18. P. Alhopuro, D. Phichith, S. Tuupanen, H. Sammalkorpi, M. Nybondas, J. Saharinen, J.P. Robinson, Z. Yang, L.Q. Chen, T. Orntoft, J.P. Mecklin, H. Jarvinen, C. Eng, G. Moeslein, D. Shibata, R.S. Houlston, A. Lucassen, I.P. Tomlinson, V. Launonen, A. Ristimaki, D. Arango, A. Karhu, H.L. Sweeney, and L.A. Aaltonen. Unregulated smooth-muscle myosin in human intestinal neoplasia. Proc Natl Acad Sci U S A, 2008 105, 5513-8.
  19. E. Volikos,* J. P Robinson*, K Aittomaki, J.P Mecklin, H. Jarvinen, A. M Westerman, F. W de Rooji, T. Vogel, G. Moeslein, V. Launonen, I. P Tomlinson,. A. R Silver, and L. A Aaltonen. LKB1 exonic and whole gene deletions are a common cause of Peutz-Jeghers syndrome J Med Genet, 2006 43(5), e18. (*= Joint first authors)
  20. N. Suraweera, J. P. Robinson*, E. Volikos, T. Guenther, I. Talbot, I. Tomlinson, and A. Silver. Mutations within Wnt pathway genes in sporadic colorectal cancers and cell lines Int J Cancer. 2006 119(8), 1837- 1842.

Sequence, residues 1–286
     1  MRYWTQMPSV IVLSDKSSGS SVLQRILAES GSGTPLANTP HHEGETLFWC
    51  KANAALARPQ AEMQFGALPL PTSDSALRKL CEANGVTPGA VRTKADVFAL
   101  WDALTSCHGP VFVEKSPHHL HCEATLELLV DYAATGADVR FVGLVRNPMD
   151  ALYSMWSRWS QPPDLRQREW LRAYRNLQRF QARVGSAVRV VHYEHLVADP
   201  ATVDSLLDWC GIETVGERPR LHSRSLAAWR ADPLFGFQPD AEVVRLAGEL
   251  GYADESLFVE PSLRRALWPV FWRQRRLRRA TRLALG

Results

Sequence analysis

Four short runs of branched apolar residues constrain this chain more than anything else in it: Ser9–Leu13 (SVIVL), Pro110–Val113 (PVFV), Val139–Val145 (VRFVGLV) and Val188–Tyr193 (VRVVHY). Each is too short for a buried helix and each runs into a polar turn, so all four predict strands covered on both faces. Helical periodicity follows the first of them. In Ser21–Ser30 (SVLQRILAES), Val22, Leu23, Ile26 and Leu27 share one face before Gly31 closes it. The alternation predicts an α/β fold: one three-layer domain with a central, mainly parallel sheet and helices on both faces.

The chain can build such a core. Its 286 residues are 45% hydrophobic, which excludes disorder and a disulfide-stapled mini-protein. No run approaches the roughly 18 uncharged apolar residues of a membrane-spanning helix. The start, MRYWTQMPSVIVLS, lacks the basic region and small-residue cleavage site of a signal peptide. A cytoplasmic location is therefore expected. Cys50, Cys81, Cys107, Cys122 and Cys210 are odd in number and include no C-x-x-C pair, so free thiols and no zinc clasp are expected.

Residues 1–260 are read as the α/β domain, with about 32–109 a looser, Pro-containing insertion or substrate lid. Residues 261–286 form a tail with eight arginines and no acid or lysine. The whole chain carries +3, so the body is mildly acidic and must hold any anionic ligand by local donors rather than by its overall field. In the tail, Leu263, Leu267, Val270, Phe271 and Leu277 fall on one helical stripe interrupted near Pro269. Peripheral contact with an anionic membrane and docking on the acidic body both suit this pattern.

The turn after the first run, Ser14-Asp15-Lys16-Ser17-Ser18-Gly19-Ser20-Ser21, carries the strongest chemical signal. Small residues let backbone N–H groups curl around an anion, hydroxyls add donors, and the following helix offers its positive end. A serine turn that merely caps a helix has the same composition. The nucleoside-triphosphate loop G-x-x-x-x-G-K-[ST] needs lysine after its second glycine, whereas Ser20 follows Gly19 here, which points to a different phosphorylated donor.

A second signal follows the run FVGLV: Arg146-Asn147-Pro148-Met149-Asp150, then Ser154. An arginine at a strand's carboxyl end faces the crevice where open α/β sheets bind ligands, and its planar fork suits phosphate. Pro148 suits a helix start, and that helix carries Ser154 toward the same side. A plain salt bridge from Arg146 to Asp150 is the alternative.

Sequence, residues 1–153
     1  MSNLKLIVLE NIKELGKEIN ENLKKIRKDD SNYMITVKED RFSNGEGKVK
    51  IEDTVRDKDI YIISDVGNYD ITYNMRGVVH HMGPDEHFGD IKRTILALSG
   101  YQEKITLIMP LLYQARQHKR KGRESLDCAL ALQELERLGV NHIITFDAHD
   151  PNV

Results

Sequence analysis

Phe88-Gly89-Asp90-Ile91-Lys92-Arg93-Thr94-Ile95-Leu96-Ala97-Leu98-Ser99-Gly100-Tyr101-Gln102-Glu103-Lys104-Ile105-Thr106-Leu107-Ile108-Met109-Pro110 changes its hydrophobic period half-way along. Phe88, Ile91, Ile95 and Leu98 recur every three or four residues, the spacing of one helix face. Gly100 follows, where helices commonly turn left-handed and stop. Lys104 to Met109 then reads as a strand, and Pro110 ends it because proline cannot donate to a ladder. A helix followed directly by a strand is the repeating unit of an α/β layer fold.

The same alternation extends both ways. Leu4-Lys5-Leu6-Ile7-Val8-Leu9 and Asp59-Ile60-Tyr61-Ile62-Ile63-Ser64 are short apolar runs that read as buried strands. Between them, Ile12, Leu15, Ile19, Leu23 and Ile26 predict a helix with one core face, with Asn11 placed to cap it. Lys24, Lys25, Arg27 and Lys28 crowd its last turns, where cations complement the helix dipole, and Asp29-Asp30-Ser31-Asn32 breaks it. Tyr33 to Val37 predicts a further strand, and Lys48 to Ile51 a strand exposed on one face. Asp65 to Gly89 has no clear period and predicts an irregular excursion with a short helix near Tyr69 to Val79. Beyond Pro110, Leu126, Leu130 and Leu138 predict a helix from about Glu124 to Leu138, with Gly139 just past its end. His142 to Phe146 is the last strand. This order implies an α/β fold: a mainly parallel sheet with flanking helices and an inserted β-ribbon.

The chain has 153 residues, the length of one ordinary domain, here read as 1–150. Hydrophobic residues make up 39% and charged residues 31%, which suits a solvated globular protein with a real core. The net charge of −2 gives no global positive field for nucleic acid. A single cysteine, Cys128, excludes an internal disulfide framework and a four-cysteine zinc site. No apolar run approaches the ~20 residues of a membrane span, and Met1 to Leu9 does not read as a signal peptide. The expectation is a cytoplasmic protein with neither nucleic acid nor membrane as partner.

21. O.M Sieber, S. Segditsas, A. L Knudsen, J. Zhang, J. Luz, A. J Rowan, S. L Spain, C. Thirlwell, K. M Howarth,E. E Jaeger, J. P. Robinson, E. Volikos, E., Silver, A., Kelly, G., Aretz, S., Frayling, I., Hutter, P., Dunlop, M.,Guenther, T., Neale, K., Phillips, R., Heinimann, K., and Tomlinson, I. P. Disease severity and genetic pathways in attenuated familial adenomatous polyposis vary greatly but depend on the site of the germline mutation. Gut, 2006 55(10), 1440-1448.
  22. J. P. Robinson, V.L Johnson, P. A Rogers, R. S Houlston, E. R, Maher, D. T Bishop, D. G Evans, H. J Thomas, I. P Tomlinson, and A. R Silver. Evidence for an association between compound heterozygosity for germ line mutations in the hemochromatosis (HFE) gene and increased risk of colorectal cancer. Cancer Epidemiol Biomarkers Prev, 2005 14(6), 1460-1463.
  23. H. Rasinpera, C. Forsblom, N. S Enattah, P. Halonen, K.H Salo, S. Enholm, G. Sellick, H. Alazzouzi, H., R. Houlston, J. P. Robinson, P.H Groop, I. Tomlinson, S. Schwartz, L .A Aaltonen, and I. Jarvela. The C/C-13910 genotype of adult-type hypolactasia is associated with an increased risk of colorectal cancer in the Finnish population. Gut, 2005 54(5), 643-647.